Blair sticks to his script over ceasefire as the backlash begins

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Tony Blair was condemned yesterday for failing to call for an immediate ceasefire in the Middle East, despite mounting public fury about his stance ­ fuelled by outrage at the bombing in Qana.

The Prime Minister, in San Francisco, stuck to his position of demanding a UN resolution as protesters across the country took to the streets to express their anger at the Israeli military action in the Lebanon.

In Westminster, there was evidence of a widening cabinet rift over Britain's approach to the conflict across the Israeli-Lebanese border, with some Labour figures warning that the row over Mr Blair's stance was increasing the pressure for him to stand down.

Breaking off from his US trip, the Prime Minister said the violence could not continue. He said: "There is the basis for an agreement that will allow us to get a UN resolution, but we have to get this now. We have to speed this entire process up and get a resolution now and on the passing and agreement and passing of that resolution hostilities have got to stop ­ and stop on all sides.

"This is an absolutely tragic situation but we have got to make sure that the discussions we are having and the negotiations we are conducting does lead to a genuine cessation of hostilities in a way that allows us to put an end to them for good."

His comments were not warmly received by anti-war protesters and some critics within his own party, with Blairites warning that his stance over the conflict meant he was bleeding support among MPs.

One normally loyal MP said: "Mr Blair is struggling on this. There are certainly loyalists saying he has got this completely wrong. This is the straw that broke the camel's back." Another loyalist added: "For Blair himself, this is seriously bad".

One backbencher added: "There are a lot of people ­ not the usual suspects ­ deeply concerned that there seems to be no demonstrable evidence that Britain is having a moderating influence on Israel."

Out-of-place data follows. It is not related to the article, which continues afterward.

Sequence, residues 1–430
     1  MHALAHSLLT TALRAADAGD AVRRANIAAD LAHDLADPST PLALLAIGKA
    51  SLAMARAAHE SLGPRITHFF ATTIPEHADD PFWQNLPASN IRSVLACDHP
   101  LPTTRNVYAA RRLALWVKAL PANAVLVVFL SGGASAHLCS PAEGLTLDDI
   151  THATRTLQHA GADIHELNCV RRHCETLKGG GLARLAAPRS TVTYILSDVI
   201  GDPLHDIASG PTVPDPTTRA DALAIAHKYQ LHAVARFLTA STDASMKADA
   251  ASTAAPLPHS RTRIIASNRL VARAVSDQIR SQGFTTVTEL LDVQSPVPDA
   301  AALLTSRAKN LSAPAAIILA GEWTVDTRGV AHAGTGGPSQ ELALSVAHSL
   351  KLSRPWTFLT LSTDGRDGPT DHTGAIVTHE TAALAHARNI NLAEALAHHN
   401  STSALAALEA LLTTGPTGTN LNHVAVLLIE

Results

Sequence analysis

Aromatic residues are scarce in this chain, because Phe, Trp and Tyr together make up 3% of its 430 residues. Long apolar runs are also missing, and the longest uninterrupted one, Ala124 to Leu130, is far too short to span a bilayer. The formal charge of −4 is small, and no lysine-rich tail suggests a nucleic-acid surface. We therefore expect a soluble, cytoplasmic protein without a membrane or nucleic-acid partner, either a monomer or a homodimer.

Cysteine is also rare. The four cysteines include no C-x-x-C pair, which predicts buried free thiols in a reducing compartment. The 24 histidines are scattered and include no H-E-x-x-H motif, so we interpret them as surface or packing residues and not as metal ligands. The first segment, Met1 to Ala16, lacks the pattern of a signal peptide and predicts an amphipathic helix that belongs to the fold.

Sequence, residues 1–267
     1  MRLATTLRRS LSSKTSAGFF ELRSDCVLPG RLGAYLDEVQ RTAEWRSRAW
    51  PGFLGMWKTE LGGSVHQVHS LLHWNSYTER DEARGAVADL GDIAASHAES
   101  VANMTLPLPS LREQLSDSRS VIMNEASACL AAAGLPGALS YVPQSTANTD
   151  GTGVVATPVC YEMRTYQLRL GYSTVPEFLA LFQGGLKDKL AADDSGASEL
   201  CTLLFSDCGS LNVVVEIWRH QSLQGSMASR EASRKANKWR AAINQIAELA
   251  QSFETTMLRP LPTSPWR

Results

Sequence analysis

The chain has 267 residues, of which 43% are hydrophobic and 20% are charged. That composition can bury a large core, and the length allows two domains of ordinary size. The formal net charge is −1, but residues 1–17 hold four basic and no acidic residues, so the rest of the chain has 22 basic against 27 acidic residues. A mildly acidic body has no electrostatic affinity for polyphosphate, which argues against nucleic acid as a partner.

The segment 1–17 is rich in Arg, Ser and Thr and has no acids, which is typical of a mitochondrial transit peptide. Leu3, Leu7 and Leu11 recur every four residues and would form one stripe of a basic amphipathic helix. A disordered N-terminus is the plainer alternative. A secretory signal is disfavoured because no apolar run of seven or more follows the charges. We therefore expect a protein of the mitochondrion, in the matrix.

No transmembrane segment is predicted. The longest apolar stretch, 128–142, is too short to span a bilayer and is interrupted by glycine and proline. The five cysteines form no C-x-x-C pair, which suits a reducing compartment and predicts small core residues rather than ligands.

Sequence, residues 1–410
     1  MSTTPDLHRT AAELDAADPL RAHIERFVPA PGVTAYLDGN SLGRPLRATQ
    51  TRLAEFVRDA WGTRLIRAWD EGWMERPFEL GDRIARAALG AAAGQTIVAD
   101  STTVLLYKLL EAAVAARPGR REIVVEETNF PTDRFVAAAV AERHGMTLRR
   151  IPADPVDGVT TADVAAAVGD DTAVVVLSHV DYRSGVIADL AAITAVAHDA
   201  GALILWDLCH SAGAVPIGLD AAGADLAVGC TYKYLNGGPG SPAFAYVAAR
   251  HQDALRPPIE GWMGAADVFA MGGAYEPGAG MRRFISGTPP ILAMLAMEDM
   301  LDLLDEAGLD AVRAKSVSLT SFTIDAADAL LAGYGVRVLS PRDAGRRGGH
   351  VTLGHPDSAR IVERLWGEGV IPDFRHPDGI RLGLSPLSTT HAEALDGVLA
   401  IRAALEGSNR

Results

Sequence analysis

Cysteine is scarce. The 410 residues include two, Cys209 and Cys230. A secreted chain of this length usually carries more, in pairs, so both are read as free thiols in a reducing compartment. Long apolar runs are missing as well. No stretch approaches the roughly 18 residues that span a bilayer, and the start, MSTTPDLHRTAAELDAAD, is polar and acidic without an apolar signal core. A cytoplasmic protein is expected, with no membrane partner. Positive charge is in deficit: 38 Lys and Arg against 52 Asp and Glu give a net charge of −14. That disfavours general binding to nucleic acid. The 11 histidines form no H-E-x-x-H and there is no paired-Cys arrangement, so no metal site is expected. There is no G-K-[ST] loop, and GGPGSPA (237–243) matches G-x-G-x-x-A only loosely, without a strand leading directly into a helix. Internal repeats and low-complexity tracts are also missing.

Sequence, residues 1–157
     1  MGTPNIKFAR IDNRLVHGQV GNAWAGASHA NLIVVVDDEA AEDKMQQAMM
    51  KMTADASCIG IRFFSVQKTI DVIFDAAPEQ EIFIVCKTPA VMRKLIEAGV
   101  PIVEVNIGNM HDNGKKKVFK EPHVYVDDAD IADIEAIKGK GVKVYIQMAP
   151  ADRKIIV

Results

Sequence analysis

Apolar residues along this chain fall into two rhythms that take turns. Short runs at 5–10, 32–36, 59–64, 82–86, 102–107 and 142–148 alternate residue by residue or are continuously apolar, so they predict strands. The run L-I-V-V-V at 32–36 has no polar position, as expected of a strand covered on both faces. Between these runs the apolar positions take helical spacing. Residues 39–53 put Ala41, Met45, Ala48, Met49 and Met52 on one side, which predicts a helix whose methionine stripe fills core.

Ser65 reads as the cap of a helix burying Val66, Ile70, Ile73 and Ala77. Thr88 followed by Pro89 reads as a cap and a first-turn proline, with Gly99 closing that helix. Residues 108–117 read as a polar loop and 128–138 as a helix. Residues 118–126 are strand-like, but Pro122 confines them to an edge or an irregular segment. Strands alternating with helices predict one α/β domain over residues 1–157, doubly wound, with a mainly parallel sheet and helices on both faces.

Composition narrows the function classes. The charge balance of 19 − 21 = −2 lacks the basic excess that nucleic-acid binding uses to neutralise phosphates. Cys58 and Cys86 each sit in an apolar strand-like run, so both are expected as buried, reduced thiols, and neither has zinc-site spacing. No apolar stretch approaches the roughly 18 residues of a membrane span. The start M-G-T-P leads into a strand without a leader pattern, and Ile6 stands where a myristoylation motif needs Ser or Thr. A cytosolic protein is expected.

The renewed criticism came a day after Jack Straw, the Leader of the Commons, broke ranks to condemn Israel for causing "death and misery to innocent civilians" and criticised Israeli attacks on Southern Lebanon as "disproportionate".

Privately, Peter Hain, the Northern Ireland Secretary, is believed to share concerns about Mr Blair's policy, while David Miliband, the Environment Secretary, and Lord Grocott, the chief whip in the Lords, are understood to have spoken out about the issue at last week's cabinet meeting.

One senior government source said: "Jack was certainly not the only person in the Cabinet feeling concerned about our position."

Yesterday Margaret Beckett, the Foreign Secretary, said the Government was united in its desire to seek an end to the violence but acknowledged that senior ministers might not "see 100 per cent eye to eye" on the issue. She told Sky News: "You can focus on where there are things that people don't see 100 per cent eye to eye about or where there are the things that they agree about.

"What really matters in my view is that everybody in this government, everybody in this country would like to see the hostilities in the Middle East brought to an end."

Another Labour insider warned that anger had been sparked by news of Israeli bomb shipments refuelling in Scotland: "It's one thing talking about this. It's another thing to help supply it."

It was reported yesterday that the American flights used Scotland airport after the Irish government refused them landing rights at Shannon airport in County Clare while it also emerged that two aircraft bound for Israel, carrying "hazardous loads", had been diverted to RAF Mildenhall in Suffolk.

In London a crowd of about 2,000 people, including members of the Jewish community gathered at Trafalgar Square.